This part is some junk story, so you may skip
First of all, this is something that happened to me and, it is just a post about how I recovered myself from the mess. You are gonna slap me if I tell you how idiotic I was to loose all my data anyway. I was updating my Linux Mint 14 laptop with Linux Mint 15 RC, which has been released yesterday by a fresh reinstall. As usual I backed up all my files in the /home/napster folder, which is nothing but my home folder, to another spare PC here and since all of my critical documents are on Dropbox and Google Drive, that part was pretty safe. Before starting gone-deadly installation, my TOSHIBA-250GB HDD looked something like the following.
The partition labelled Data was the central place where I kept all my stuff like movies, music, photos and e-books and everything as such. And this drive was 200GB in size, and it was around 99% occupied. As you see this is a pretty deadly combination that, if you accidentally lose the data, there is not much space left to stand up and do the recovery from within the disc. Anyway, this is what I did in the apocalyptic re-installation. First I booted the machine with a Linux Mint 15 RC CD-ROM and while the installation process, I have chosen Replace Linux Mint 14 with Linux Mint 15. This was somewhat a very bad thing to do, although I didn’t expect all my partitions will be lost. After the installation, I have immediately noticed that all my partitions and data are lost, forever. This is somewhat the HDD looked like after the re-installation.
I was stupid enough to use the new installation for a few more minutes and install a few applications like Chrome Browser or the VLC player. Then I realized that the situation is real worse. With each apps being used, and with each app being newly installed, I’m technically overwriting one file or the other in my old partitions. I have stopped immediately, turned off the PC and looked around for solutions. I was pretty panicked and didn’t know what to do. I have headed to some IRC chat rooms and most of them were pretty sure that, I’m never going to get those data back.
I paused for a while and the next thing to do was to audit the damages. I have thoroughly tried to recall what files did I have on the machine before loosing the partitions. I have listed all those I could recall and analyzed which of them are potentially high priority files and which of them I could afford to loose. That opened little bit of a room to settle down for a while. Because most of the files where not that critical and to be honest, almost with any of them, I could live in the absence of them. So by the evening I decided not to approach any professional companies to do this recovery process, and assigned myself to give it a try.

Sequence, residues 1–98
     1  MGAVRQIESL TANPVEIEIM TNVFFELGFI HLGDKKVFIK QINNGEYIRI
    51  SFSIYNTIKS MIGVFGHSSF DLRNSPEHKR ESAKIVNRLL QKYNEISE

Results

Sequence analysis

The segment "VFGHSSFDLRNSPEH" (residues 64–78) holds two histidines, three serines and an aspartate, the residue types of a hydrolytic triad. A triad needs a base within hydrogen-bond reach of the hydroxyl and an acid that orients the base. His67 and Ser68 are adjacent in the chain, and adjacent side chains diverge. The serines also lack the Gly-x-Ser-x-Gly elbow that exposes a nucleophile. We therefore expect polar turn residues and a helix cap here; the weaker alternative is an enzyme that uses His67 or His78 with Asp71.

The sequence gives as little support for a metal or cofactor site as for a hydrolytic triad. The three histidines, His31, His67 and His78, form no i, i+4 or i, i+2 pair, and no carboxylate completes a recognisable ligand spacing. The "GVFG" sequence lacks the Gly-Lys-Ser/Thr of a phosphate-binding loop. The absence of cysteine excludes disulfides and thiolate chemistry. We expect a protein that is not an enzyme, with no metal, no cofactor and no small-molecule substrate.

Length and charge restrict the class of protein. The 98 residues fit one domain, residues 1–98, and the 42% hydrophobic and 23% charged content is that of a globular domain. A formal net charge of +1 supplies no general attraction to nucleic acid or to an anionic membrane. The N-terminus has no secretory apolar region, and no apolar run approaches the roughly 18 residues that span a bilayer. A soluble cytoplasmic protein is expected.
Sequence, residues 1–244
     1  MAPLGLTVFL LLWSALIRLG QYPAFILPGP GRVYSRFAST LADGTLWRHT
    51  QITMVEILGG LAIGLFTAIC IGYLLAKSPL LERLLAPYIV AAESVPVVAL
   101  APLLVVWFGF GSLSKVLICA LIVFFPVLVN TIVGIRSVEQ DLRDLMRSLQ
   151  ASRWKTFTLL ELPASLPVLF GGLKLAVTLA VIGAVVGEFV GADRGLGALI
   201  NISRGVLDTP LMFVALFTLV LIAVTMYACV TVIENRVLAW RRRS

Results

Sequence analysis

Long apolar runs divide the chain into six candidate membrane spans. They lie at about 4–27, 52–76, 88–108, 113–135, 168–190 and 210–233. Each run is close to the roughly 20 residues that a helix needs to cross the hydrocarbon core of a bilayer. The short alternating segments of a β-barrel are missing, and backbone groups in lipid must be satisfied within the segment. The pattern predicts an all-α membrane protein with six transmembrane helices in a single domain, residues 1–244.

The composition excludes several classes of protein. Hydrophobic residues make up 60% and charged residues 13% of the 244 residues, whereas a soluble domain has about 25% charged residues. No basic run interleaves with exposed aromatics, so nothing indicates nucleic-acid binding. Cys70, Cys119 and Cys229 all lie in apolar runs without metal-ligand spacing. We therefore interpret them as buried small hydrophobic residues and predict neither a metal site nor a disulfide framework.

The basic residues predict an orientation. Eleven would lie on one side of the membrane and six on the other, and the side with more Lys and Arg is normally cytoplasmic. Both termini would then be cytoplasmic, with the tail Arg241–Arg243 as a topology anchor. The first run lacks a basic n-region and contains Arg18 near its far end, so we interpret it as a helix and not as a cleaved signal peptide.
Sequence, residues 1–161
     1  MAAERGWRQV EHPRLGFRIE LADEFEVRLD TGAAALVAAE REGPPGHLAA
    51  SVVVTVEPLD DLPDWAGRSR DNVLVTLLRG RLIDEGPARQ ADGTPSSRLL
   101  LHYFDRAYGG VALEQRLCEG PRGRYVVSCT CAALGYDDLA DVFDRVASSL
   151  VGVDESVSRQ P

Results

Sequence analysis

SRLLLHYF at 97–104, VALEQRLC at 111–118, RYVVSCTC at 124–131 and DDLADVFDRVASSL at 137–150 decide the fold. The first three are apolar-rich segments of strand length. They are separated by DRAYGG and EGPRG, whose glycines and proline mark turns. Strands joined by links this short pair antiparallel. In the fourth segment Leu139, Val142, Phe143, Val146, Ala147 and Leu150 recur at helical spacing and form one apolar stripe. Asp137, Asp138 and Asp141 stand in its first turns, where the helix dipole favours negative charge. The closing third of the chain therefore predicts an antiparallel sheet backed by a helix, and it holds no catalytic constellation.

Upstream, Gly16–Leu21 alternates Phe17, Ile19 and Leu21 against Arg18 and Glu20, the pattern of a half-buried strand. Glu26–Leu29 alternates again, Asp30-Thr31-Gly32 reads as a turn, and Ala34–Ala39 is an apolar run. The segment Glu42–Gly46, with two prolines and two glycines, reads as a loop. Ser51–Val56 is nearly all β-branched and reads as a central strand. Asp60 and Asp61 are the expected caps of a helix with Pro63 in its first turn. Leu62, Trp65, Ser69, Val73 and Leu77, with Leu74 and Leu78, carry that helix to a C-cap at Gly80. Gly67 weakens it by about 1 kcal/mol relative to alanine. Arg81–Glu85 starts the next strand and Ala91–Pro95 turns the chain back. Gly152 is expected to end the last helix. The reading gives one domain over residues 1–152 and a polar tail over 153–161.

Boring Story is over, You may read from here on.
For the sake of safety, I have gathered a 500GB external HDD. I thought I could use it in case if I need to profile the entire hard disk to an image. The most important tool to use was testdisk. This is an elegantly written open source software, which is the only tool I used in the entire process of the recovery. I have found a lot of threads discussing data loss due to the same incorrect Linux installation attempts. But none of them lead me to a proper recovery solution. Most threads where flooded by commercial data recovery companies and their sucky ads. So, I have found testdisk on the Ubuntu’s data recovery guide. But it was not at all documented there. I have setup a virtual machine quickly to get myself familiar with the interface of the testdisk tool. It is infact a 100% command line tool, with menu like interface much similar to what is provided by parted or such tools. I don’t know why I choose testdisk since the other two tools (one was gparted - I knew it was of no use) were documented there properly. Anyway I headed to the testdisk wiki and learned how to do the Deep Search process for the lost partitions and how to write the partition table back to the disk itself. The following were the major steps in the process.